(‘little young rose')
It is late this day the hushed sun falls, my dying flame,
The night appears without stars, only memories of stars,
The sparkles in your dark red hair, the moon in our eyes,
Across the lake my faraway heart shudders with the loon.
I promised you a paradise of days, you gave me the night,
That we would be together in sweet fields of lamb and rose,
But now there is only wandering, now there is one long road,
Aye, tis a cruel way that a man must rove to make his keeping.
When I set myself to sea to ride the unbounded waves of loss,
I sometimes take to wheel in early morn and the blaming gulls
Surround me with the great blue of the ocean and endless sky
And I weep at the mizzen alone on oak decks, wet in misty cries.
I weep even before the rains have come as they always gather,
Dark and cold in the maelstroms and whirlpools of oceans deep,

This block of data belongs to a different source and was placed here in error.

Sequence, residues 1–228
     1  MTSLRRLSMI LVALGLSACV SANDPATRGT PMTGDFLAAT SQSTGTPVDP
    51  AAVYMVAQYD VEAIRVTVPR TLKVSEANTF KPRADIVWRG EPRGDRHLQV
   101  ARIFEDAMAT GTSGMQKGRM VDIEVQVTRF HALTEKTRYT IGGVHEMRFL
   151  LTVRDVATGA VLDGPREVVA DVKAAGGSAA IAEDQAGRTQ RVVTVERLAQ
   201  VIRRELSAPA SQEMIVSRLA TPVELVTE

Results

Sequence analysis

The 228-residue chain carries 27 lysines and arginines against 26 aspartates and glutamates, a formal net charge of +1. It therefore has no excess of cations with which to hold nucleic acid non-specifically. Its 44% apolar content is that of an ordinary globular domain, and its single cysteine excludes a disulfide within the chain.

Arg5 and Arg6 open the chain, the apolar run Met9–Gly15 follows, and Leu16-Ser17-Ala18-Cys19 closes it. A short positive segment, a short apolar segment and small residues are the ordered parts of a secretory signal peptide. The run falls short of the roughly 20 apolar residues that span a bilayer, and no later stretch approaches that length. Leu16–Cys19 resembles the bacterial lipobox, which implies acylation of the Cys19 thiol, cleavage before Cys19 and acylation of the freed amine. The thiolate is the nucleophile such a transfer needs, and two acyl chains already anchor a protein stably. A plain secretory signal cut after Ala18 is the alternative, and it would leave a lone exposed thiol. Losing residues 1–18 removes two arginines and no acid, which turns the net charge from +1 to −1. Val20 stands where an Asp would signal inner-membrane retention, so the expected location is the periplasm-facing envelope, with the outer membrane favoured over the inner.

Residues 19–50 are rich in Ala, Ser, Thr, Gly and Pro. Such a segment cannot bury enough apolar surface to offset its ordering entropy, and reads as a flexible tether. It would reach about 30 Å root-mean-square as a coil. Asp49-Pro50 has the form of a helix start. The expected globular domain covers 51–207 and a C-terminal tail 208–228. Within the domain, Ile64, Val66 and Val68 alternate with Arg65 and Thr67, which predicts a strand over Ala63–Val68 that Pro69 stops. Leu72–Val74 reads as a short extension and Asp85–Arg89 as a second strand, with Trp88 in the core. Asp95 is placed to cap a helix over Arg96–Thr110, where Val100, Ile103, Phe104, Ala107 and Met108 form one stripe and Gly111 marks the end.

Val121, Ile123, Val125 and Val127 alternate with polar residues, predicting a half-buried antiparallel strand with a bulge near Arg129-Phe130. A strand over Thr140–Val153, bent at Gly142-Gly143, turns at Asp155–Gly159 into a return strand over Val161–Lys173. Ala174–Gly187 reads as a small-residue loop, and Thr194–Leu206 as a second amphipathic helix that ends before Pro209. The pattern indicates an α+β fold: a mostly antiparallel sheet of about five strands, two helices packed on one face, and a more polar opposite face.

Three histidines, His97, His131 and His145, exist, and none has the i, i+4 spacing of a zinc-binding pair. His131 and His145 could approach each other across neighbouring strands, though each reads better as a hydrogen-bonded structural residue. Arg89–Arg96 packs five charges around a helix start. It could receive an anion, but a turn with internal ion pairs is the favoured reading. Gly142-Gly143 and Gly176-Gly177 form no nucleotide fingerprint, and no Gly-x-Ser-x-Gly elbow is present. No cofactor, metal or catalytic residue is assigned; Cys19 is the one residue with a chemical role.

To know the seven seas of the globe and not be with my dove—
She with eyes, vast and blue as ocean, with hair of the setting sun.
It is too much to bare, the endless silence in the fury of my travels,
If only I was a merchant, a steward, a lord, even the lolling tinker,
Such a house I would build for us in the ***** of clear lake wood
And we would have such charming brood, enough to quiet the loon.
Róisín, Rosheen or Roisin ( Irish pronunciation: ro-SHEEN ) is an Irish female given name meaning little rose. The English equivalent is Rose, Rosaleen or Rosie.
Róisín Óga ( 'little young rose' ) the name is the Irish Gaelic version of Rose. Anglicized at as Rosaleen. The name has been associated with a 16th-17th century poem called Roisin Dubh (Dark Little Rose), the eponymous heroine of which is usually regarded as a personification of Ireland.